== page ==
Triple Frontier. Co-written and directed by J.C. Chandor. Starring Ben Affleck, Oscar Isaac, Charlie Hunnam, Garrett Hedlund and Pedro Pascal. Rating: 6 (out of 10)
They say that there’s a city of gold deep within the rainforests of South America. That may be, but our boys in Triple Frontier are more focused on a jungle compound lined with cash.
J.C. Chandor’s film introduces us to five former special ops soldiers, all of whom are barely scraping by in civilian life. One of the men comes up with a scheme to rob a powerful drug lord: a bit of community service and get-rich-quick-scheme rolled into one. What could possibly go wrong?
It’s dirty money, but the film lobbies hard that these men deserve it. Ben (Garrett Hedlund) makes ends meet getting pummelled in MMA cage fights. His brother William “Ironhead” Miller (Charlie Hunnam) spends his days lecturing about “the price of being a warrior” and trying to prevent attrition in the military to the public sector, where the pay’s much better. Francisco “Fish” Morales (Pedro Pascal) is a new dad, wondering how he’ll make payments. And the aftermath of his military career cost Tom “Redfly” Davis (Ben Affleck) his family: now he’s got two sets of bills to pay, and regrets that he gave the service “his 20 best years.”
It’s Santiago Garcia (Oscar Isaac) who comes up with the plan. He’s been working as a gun-for-hire in South America, trying to rid the local landscape of drugs and murder. His informant (an underused Adria Arjona) has intel that could lead them to a drug czar’s home, hidden in the Brazilian forest. Santiago just needs to get the old team back together.
Naturally, it’s his last mission. “What am I going to do: run and gun, till my knees finally give out?” he asks. There is hesitation – these guys are mercenaries with a conscience, never took a dime while wearing the uniform – but a share of an estimated $75 million would be an awful lot of “thank you for your service.”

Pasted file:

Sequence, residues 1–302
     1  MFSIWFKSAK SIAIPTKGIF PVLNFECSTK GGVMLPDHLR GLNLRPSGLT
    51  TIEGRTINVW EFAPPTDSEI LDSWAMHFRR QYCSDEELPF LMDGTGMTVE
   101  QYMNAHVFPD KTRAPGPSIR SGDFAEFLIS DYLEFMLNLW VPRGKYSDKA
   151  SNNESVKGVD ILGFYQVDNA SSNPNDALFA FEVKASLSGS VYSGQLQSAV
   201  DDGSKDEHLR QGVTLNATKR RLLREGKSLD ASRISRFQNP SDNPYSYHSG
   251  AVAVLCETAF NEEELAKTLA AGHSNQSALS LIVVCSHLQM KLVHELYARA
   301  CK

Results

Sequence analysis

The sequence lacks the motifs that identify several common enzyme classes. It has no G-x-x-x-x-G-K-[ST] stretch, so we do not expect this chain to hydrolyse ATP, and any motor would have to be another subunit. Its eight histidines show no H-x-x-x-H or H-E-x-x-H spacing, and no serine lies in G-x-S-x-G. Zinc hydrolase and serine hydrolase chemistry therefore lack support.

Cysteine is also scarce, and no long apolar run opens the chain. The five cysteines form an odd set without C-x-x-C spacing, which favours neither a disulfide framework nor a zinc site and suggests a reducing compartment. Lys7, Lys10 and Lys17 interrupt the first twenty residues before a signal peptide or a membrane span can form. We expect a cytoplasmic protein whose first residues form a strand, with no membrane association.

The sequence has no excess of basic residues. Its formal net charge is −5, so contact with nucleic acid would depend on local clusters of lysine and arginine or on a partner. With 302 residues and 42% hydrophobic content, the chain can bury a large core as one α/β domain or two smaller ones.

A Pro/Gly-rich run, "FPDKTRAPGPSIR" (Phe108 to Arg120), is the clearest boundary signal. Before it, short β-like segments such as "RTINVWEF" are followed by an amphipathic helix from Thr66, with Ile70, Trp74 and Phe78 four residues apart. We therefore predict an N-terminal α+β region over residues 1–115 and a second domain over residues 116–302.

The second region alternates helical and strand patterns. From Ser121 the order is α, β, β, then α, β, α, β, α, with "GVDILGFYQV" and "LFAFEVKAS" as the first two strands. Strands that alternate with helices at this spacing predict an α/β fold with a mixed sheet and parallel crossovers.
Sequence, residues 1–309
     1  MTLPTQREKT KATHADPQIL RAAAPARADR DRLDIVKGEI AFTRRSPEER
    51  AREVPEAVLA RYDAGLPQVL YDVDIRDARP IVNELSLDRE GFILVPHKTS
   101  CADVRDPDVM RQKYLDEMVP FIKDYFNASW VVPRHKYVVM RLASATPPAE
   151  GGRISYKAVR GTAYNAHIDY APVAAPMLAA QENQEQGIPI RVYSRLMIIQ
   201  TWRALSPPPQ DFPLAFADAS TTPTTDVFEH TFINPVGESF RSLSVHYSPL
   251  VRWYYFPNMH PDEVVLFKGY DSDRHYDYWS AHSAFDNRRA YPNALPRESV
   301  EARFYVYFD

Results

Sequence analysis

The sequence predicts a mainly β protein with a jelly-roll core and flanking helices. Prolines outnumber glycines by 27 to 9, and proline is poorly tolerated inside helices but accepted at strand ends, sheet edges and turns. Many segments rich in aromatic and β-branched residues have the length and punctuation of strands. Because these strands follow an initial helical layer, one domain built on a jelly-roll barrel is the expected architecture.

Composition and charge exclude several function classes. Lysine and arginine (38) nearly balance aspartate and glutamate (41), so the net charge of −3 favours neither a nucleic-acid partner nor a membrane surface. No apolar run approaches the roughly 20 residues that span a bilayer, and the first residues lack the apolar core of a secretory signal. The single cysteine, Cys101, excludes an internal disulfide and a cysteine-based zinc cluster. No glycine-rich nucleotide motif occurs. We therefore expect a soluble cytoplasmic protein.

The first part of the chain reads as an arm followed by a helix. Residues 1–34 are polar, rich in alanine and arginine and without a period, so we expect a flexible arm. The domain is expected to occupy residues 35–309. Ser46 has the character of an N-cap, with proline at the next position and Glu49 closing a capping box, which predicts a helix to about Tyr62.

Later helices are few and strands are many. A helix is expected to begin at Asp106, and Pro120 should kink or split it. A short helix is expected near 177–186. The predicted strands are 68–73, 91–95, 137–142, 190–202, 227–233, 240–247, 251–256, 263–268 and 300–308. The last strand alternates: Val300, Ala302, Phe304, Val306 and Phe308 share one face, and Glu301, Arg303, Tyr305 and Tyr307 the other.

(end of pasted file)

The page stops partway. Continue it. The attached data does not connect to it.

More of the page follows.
Without giving too much away, the problem isn’t getting to the money or even getting away with it: it’s getting ANYWHERE with it. There’s just too much of it.
Men and their fraught relationship with money is a favourite topic of Chandor’s. In Margin Call, a group of Wall Street power brokers (Jeremy Irons, Kevin Spacey, Zachary Quinto) try to cover up a trillion-dollar mistake. A Most Violent Year (also starring Isaac), was about a man trying to keep his family clean in a very dirty business.
There are some great action sequences in the script, which Chandor co-wrote with Oscar-winner Mark Boal (Zero Dark Thirty, The Hurt Locker), including an opening which sees Isaac’s character engaged in an all-uphill chase through a mountain town (I hope they got him running all those stairs in one take!) and another featuring a tense helicopter ride and crash in an opium farmer’s field. The jungle and high-altitude locations provide novel and scenic tableaux for the action, while the men make an impossible journey through the jungle, over the Andes and snowcapped peaks to a boat at the seashore. But how many sacks of money will they have to leave behind?
There isn’t much to distinguish the men from each other than ex-army professions. Redfly was their captain back in the days, but other than a brief mention, you’d never know it. Affleck fares best in the characterization: at least he has a bit of a backstory and a family for us to draw upon. He is the most reluctant to do the project, but he also becomes the most morally challenged by the choices in front of him.
There’s a general nod to the plight of ex-servicemen everywhere, “goddamn heroes who can’t even send their kids to college,” to paraphrase one character. On the negative side, this is a self-actualized soldiering movie that should have taken more time to get to know its characters; we’d certainly like to. And a somewhat arbitrary score by Disasterpeace leaves the conversations hanging in places, and underwhelms the intense action elsewhere.
A parade of actors came and went from the project, including Tom Hanks, Tom Hardy, Johnny Depp and Channing Tatum. Production on the film was delayed again with Affleck citing personal health issues.
After a limited theatrical run, Triple Frontier is available this week on Netflix.